Wednesday, March 17, 2010
The following article is courtesy of Peter “The Reinvention Guy” Fogel, an author, sales writer, seminar leader, and creator of Peter Fogel’s Guide to Effective Public Speaking.
Every author should put public speaking into their marketing arsenal if they want to brand themselves, get more fans, and especially if they want eager buyers lining up to buy their books.
One of the quickest ways to BOND with your speaking audiences is to effectively weave humor through out your presentation. Here are my five commandants to getting the Big Yuks so you can get the Big Bucks when giving a key note speech.
Fogel’s First Commandant: Thou shall know your audience. Are they young or old, or mixed? Remember: Humor is so subjective. A youngster of six might laugh at a good “making potty in your pants” joke because that’s what they do. On the other hand, a senior might not find it amusing, only because he might’ve “just made potty in his pants” himself, and is a tad embarrassed.
Fogel’s Second Commandment: Thou shall test your material. 25 years of speaking and stand-up comedy tells me NEVER, never, ever test a new joke as your opening line. If it bombs, (urggh!) you had better have a good saver. I once performed on a cruise ship where I quickly learned elderly seniors sometimes lose the sarcastic gene once they hit retirement age. (Maybe, it’s the law.) This particular audience took my joke literally (meaning they didn’t get the joke) and thought I was insulting another performer (when I was not).
Fogel’s Third Commandment: Thou shall choose your target appropriately. For humor to work you must realize that there’s a punch line and/or victim in the joke. In observational humor you make fun of the fact that everyone loses a sock in the dryer—and you get laughs at the recognition of it. No harm; no foul. In a corporate setting do not make fun of the CEO that hired you unless it’s cleared with the CEO himself.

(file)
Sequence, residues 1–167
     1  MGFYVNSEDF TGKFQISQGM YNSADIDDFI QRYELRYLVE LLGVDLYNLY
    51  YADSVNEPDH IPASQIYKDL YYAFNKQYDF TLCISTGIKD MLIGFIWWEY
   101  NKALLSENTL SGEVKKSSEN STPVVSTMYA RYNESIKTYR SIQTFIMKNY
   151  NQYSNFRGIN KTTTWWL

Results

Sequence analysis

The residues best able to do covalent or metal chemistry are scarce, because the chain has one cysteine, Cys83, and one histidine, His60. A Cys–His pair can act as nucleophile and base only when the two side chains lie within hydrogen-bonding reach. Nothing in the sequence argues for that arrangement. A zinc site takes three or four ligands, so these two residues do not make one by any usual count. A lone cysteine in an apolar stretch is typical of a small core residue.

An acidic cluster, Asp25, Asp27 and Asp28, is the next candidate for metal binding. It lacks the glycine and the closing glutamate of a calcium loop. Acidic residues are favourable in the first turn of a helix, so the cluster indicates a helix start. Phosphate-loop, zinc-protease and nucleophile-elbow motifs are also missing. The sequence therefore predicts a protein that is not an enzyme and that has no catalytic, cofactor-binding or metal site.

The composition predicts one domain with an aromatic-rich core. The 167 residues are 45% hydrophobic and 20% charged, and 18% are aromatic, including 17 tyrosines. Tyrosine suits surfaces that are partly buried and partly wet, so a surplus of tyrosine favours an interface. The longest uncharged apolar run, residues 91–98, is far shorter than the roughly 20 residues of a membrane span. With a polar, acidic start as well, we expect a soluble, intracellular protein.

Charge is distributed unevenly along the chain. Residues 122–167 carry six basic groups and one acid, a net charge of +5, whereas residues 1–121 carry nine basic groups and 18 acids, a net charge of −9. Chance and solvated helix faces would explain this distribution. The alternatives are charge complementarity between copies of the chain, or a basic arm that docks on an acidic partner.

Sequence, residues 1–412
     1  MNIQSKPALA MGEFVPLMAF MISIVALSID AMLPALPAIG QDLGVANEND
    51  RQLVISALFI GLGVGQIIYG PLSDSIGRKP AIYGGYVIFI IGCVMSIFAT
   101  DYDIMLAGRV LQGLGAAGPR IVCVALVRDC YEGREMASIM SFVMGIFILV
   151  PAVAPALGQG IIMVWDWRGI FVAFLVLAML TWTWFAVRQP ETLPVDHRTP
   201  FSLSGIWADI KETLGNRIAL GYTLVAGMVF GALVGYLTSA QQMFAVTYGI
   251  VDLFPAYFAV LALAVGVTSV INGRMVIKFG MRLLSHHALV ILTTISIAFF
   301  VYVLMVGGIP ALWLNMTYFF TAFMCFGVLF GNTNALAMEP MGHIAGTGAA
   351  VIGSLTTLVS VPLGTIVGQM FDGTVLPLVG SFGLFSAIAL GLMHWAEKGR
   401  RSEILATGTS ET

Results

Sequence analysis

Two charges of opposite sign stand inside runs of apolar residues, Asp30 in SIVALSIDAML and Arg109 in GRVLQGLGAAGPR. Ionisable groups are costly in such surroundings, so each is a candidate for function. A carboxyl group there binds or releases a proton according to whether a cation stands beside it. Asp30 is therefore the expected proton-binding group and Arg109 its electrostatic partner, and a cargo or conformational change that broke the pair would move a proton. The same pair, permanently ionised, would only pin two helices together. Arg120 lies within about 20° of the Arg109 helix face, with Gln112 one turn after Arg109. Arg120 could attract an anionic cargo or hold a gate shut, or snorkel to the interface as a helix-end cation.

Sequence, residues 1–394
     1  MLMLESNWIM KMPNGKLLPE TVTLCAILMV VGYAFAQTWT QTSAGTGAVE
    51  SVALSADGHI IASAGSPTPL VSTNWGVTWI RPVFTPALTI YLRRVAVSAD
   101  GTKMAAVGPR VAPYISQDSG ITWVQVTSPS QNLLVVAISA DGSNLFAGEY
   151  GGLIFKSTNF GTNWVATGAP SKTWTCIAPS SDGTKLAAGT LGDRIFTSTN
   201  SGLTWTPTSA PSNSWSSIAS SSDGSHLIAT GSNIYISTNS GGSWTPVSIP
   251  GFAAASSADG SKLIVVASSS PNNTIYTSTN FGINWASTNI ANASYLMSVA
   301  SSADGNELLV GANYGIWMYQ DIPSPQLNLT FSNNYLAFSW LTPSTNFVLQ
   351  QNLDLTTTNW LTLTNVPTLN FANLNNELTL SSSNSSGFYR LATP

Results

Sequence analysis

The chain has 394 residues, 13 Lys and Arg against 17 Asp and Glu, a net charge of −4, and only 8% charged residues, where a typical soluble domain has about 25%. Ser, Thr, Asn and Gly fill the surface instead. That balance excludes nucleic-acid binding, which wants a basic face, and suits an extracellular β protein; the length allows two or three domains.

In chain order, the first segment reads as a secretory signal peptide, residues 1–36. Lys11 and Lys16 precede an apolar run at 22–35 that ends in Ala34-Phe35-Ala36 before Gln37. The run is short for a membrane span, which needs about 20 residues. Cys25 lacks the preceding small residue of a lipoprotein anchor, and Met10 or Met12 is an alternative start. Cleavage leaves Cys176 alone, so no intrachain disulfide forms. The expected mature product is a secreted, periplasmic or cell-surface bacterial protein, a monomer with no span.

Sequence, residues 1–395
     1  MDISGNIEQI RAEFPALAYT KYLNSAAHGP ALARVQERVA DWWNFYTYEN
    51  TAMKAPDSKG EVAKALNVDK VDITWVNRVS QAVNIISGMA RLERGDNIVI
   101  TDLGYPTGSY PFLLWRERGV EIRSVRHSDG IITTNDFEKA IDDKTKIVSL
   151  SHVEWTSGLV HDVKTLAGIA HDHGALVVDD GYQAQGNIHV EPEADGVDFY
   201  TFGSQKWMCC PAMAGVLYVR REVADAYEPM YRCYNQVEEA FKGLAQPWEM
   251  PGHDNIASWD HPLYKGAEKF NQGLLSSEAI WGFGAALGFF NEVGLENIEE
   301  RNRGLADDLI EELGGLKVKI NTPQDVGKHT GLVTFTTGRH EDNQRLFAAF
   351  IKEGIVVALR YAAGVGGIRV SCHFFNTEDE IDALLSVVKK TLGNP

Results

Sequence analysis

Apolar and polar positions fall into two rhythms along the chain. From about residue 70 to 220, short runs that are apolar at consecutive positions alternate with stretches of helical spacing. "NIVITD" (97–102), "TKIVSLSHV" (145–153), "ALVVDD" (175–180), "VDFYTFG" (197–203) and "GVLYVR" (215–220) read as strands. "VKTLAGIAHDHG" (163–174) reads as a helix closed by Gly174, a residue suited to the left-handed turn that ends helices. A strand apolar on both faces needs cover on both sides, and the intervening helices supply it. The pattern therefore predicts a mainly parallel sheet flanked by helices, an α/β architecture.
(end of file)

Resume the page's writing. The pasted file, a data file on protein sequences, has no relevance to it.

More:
Fogel’s Fourth Commandment: Thou shall be self-effacing. Ever notice why fat comedians like Louis Anderson get constant laughs? Because they put themselves down. That self-deprecating type of humor will work in a comedy club. But in a speaking setting, you want respect. To do that you should use self-effacing humor.
Share you frailties with your audience. Years ago Firestone had tires exploding off of SUV’s. Once it hit the newswire -- that night I used that reference as an opening line: “Hope you’re all in a good mood. Two days ago I bought stock in Firestone.” Huge LAUGHS from the audience. Take away: Find some current catastrophe in the newspaper that occurred at a particular company and substitute “Firestone.” Try it; it works!
Fogel's Fifth Commandment: Thou shall take notice of the seating of the room. Humor and delivering strong content works best when there is intimacy in the room. Get early to your engagement and make sure (to the best of your ability) that the seating arrangement is in close proximity to the stage. If it is not, know your humor response will be LESS than you expected.
The above techniques work for me, and I know they will work for you!
-- Peter “The Reinvention Guy” Fogel is an author, sales writer, seminar leader, and creator of Peter Fogel’s Guide to Effective Public Speaking. For more info and to sign up for Peter’s FREE 7 Days to Effective Public Speaking E-course (Value: $65), go to: http://www.publicspeaklikeapro.com/gold-package.html.